This DIY owl craft project is made from recycled cardboard and a kitchen spoon. Use items from your recycle bin and create your own little owl family.
You can also make owls and penguins from pinecones.
DIY Owls Made From Cardboard Boxes
I first found this project in a magazine article when I was around 7 years old (a long time ago!) when owls were all the rage in crafts and decor. And now they’re popular again, probably spurred on by the popularity of Harry Potter books.
I’ve noticed lots of owls on Etsy and Pinterest recently and decided to create a really easy version that both kids and adults can make. Just make sure an adult handles the heated glue dispenser (if you use one).
The materials are all household items, making it entirely recycled with the exception of the glue.
Once you’ve mastered the basic owl, you can go on to embellish it to look like any type of owl you like. But for starters, we’ll do the sweet and simple owls.
Overview of Steps
1. Cut out the cardboard strips (see sizes listed in Materials list below) and wings.
2. Peel off one paper side of the box to expose the corrugated section inside.
3. Roll up each piece of cardboard to get a nice rounded roll before applying glue.
4. Apply a line of glue down the inside middle length of each cardboard piece, roll up snugly, hold closed with elastic bands while glue is drying.
5. Make beak.
6. Glue pieces together.
Related: DIY Garden Junk Owl, Cat, & More
- 2-3 Corrugated cardboard boxes (12″x18″x18″) – “corrugated” is the wavy layer in between the outer and inner paper walls of the box.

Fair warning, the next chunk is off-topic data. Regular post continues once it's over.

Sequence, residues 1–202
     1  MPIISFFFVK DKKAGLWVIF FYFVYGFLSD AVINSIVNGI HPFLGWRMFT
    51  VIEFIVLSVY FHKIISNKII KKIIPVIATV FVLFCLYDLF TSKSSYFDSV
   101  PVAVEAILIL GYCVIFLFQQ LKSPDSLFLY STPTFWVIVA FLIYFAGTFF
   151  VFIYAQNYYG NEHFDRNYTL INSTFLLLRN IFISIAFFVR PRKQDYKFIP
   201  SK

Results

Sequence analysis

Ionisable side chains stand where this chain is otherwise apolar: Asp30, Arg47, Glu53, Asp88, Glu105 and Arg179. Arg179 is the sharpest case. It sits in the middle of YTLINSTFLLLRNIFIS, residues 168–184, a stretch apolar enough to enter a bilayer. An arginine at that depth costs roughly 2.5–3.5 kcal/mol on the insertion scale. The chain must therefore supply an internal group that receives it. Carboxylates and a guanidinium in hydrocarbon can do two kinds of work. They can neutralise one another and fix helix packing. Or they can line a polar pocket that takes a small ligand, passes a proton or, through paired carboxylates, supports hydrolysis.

For this project you will peel off one layer of paper, leaving one other layer plus the corrugated middle.
From the cardboard boxes cut out the cardboard pieces listed below for Mama and Baby:
Mama Owl (8″ tall) Materials
- Body: (1) 4″ x 140″ strip of cardboard (you can use several shorter pieces—at least 16″ long—and join them if needed)
- Head: (2) 4″ x 45″ strips of cardboard – these form the cylinders for each of the eyes
- Beak wrapper: (1) 4″ x 6″ piece of cardboard
- Wings: (2) 4″ x 7″ piece of cardboard – cut to form wing shapes (see below)
- Eyes: (2) Black buttons (1 1/2″ in diameter)
- Beak: (1) Silver cereal spoon with 4″ handle or a bit shorter
Baby Owl (4″ tall) Materials – This is for ONE baby owl
- Body: (1) 2″ x 45″ strip of cardboard (you can use several shorter pieces—at least 6″ long—and join them if needed)
- Head: (2) 2″ x 20″ strip sof cardboard
- Beak wrapper: (1) 2″ x 3 1/2″ piece of cardboard
- Wings (2) 2″ x 3 1/2″ piece of cardboard – cut to form wing shapes (see below)
- (2) Black buttons (1 1/2″ in diameter)
- (1) Tiny spoon with 2″ handle or a bit shorter (I broke mine off with pliers to get the right length)
TIP: You can also use sheets of cardboard to convert grass lawn into new garden beds.
Tools and Glue
- Adhesive / glue that works on cardboard. I used a heated glue dispenser and it worked really well. [See it at Amazon]
- Ruler, pencil, scissors, elastics.
Please read all of the steps first – there’s some tips you’ll want to know ahead of time.
1. Cut open one corner of each cardboard box so the cardboard lays flat. Cut out the cardboard strips (see sizes listed in Materials list above).
And cut out the wings: first cut the rectangular sizes listed, then place the two pieces wrong sides together (corrugated cardboard facing out), and cut out wing shapes like the one in my wonderful illustration (right).